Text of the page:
Expats living in Costa Rica may be interested to know that certain foreign judgments are enforceable in Costa Rica by means of a process called an exequatur. Going through the process to get an exequatur can mean collecting monies due when they were otherwise lost or collecting child support from a deadbeat spouse hiding in this country.
The court here can even order judicial liens over assets — called embargos in Costa Rica — to protect assets in this country during litigation in another country.
An exequatur, which is the same word in English or Spanish, is a judgment or other legal act issued by a Costa Rican court that states that a decision issued by a foreign court is legally executable or enforceable in this country. The Sala Primera of the Corte Suprema de Justicia — the first division of the supreme court of Costa Rica — decides what foreign judgments are legal here and which ones are not. The articles governing this process can be found in the civil procedural code, articles 705 through 708.
This is how they work:
Once a foreign judgment is obtained in another country, the interested party represented by a lawyer in Costa Rica petitions the Sala I to enforce it in Costa Rica. The court here does not re-try the case, it just approves or denies the exequatur. The lawyer must supply the following information to the court:
1.) The judgment from the foreign court translated and authenticated,
2.) Proof the defendant was properly served with the legal action or declared en rebelde — not locatable or in hiding — in accordance with the laws of the country from which the case originates,
3.) Proof the defendant was properly served with the final judgment,
4.) Evidence the legal matter is not exclusively a Costa Rican one,
5.) Proof the judgment is enforceable in the country from which it comes,
6.) A document showing that the judgment is not against Costa Rica law.
Exequaturs can be broken down into two major types: 1.) Exequaturs of private interest and 2.) formal requests from a foreign court for assistance in a legal matter also known as letters rogatory.
Most private interest exequaturs have to do with family matters. 95 percent of them have to do with divorce or approving other martial affairs. The other 5 percent have to do with adoption or childcare, like child support.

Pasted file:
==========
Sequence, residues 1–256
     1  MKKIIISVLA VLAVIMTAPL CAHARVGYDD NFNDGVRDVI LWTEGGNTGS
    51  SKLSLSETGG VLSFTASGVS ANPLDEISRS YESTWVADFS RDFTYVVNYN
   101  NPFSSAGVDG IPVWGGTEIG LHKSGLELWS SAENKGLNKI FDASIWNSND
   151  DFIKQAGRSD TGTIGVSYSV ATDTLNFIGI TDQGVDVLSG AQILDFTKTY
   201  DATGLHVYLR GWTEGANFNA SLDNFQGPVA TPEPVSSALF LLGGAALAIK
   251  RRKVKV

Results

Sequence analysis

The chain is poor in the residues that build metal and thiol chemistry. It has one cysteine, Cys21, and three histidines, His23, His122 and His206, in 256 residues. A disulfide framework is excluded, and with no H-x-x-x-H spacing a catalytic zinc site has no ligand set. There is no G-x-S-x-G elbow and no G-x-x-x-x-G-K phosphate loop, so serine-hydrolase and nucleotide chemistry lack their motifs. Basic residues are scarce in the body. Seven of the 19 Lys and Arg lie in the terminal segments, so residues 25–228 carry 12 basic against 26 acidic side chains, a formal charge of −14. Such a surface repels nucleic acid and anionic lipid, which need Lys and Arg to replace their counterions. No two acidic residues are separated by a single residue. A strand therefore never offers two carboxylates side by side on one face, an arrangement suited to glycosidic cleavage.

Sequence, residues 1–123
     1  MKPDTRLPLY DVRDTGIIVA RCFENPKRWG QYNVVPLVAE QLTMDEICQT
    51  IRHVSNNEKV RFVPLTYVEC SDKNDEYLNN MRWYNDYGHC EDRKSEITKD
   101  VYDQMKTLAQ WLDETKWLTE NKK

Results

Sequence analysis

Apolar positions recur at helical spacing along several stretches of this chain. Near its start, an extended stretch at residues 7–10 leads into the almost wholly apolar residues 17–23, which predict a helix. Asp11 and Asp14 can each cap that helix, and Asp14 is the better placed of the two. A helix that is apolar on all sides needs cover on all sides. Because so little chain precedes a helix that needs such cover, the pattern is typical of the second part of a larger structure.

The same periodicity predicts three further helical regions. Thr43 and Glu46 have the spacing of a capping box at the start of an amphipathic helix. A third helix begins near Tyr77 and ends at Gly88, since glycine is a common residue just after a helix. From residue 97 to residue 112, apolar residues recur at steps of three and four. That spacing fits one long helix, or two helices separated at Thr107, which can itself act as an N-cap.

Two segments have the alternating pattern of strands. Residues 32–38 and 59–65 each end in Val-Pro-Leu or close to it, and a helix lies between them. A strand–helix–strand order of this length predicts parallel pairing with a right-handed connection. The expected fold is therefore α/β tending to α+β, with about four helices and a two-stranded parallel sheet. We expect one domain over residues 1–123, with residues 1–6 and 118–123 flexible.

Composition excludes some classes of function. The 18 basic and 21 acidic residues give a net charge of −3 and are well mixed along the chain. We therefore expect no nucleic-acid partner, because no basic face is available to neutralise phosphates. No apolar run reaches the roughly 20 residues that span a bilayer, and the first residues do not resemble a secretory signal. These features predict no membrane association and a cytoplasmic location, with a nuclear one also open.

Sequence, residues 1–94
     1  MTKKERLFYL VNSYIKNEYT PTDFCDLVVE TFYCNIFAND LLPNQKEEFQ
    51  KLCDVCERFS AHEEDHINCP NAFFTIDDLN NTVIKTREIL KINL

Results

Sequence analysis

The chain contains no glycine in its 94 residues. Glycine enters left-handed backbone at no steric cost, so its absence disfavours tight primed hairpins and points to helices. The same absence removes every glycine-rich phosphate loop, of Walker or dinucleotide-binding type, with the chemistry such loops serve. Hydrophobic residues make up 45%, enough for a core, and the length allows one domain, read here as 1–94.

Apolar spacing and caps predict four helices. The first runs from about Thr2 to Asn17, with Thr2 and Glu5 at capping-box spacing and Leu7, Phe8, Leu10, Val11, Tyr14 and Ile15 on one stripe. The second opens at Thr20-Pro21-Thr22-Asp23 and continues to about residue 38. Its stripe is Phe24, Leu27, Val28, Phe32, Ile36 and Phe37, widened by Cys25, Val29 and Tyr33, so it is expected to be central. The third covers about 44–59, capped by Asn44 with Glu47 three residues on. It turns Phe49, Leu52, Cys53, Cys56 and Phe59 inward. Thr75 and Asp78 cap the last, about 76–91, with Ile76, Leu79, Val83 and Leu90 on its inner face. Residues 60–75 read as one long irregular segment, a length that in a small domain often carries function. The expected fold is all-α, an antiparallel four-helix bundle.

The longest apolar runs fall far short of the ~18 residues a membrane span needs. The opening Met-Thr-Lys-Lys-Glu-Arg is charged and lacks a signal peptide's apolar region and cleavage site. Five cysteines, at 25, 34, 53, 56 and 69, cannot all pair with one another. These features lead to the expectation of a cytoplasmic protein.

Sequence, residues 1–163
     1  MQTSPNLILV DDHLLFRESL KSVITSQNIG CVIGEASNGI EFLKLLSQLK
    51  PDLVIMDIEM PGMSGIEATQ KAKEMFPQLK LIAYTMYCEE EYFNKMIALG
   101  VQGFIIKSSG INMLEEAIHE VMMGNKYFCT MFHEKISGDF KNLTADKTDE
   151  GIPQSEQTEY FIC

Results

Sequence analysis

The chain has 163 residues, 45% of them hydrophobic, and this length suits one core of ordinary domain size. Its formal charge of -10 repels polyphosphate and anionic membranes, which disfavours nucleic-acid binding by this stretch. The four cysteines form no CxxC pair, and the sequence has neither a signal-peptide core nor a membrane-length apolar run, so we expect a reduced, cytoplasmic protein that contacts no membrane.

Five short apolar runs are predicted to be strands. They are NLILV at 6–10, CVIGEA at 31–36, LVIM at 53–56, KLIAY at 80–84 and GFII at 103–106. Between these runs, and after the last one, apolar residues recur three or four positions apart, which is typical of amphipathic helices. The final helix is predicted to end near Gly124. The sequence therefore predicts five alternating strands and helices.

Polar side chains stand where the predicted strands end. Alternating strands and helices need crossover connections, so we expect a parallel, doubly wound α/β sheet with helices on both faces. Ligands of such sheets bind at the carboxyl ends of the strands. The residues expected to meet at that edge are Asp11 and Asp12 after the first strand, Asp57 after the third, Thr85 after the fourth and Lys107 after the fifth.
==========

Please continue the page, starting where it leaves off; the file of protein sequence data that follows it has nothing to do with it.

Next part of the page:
Here is an interesting example of an exequatur sought and granted in Costa Rica:
A Costa Rican woman and a Japanese man were married in Alajuela on Oct. 28, 1978. The marriage was properly registered in the national civil registry in this country.
A divorce by mutual consent is not difficult to obtain in Japan. The parties presented themselves in front of the mayor of Kanagawa, Japan in 2003 and requested a divorce. He granted the divorce, and they just had to sign in his book to make it legal.
In 2005, they filed for an exequatur in Costa Rica to recognize the divorce. The Sala I granted their request in November of the same year stating they followed the correct procedure in Japan to divorce and it should be upheld in Costa Rica because the act did not violate any Costa Rican laws. The court ordered the exequatur which meant registering the divorce with the civil registry here.
Another example is an adoption case. An expat man took his wife and her child to the United States so he could adopt the child because the process is easier there. He obtained the adoption and filed for an exequatur in Costa Rica. It was granted, saving a couple of years of court proceedings in this country to accomplish the same task.
In other cases of divorce and adoption, the actions were denied and no exequatur was issued because the situations were not consistent with Costa Rican law. In one example, a divorce was granted in Nicaragua where the woman was not properly considered in the action. The Sala I denied the exequatur to register the divorce in Costa Rica because in this country the two parties to a divorce have a say. Unilateral divorces are not permitted here.
Letters rogatory usually pertain to process service, taking in evidence, and in Costa Rica attaching assets with judicial liens while a legal process is going on.
Many attorneys do not know how to use the power of letters rogatory. This includes attorneys in Costa Rica and other countries. Letters rogatory are governed by Inter-American Convention on Letters Rogatory of which Costa Rica is a signatory. The text of the convention can be found at this link.
Court settlements and arbitration judgments are also enforceable using exequaturs. The law in Costa Rica supports out-of-court settlements strongly, and in the case of an out-of-court settlement from another country where there are assets in Costa Rica, an exequatur can be sought to collect if the settlement or judgment does not violate Costa Rican law.
Many foreigners while living in Costa Rica believe they are untouchable from the laws of their home countries. Some are running away from debts, wives, and child support payments. The truth is, some of the bad deeds from home can follow a foreigner to Costa Rica and legally be enforced by the authorities here.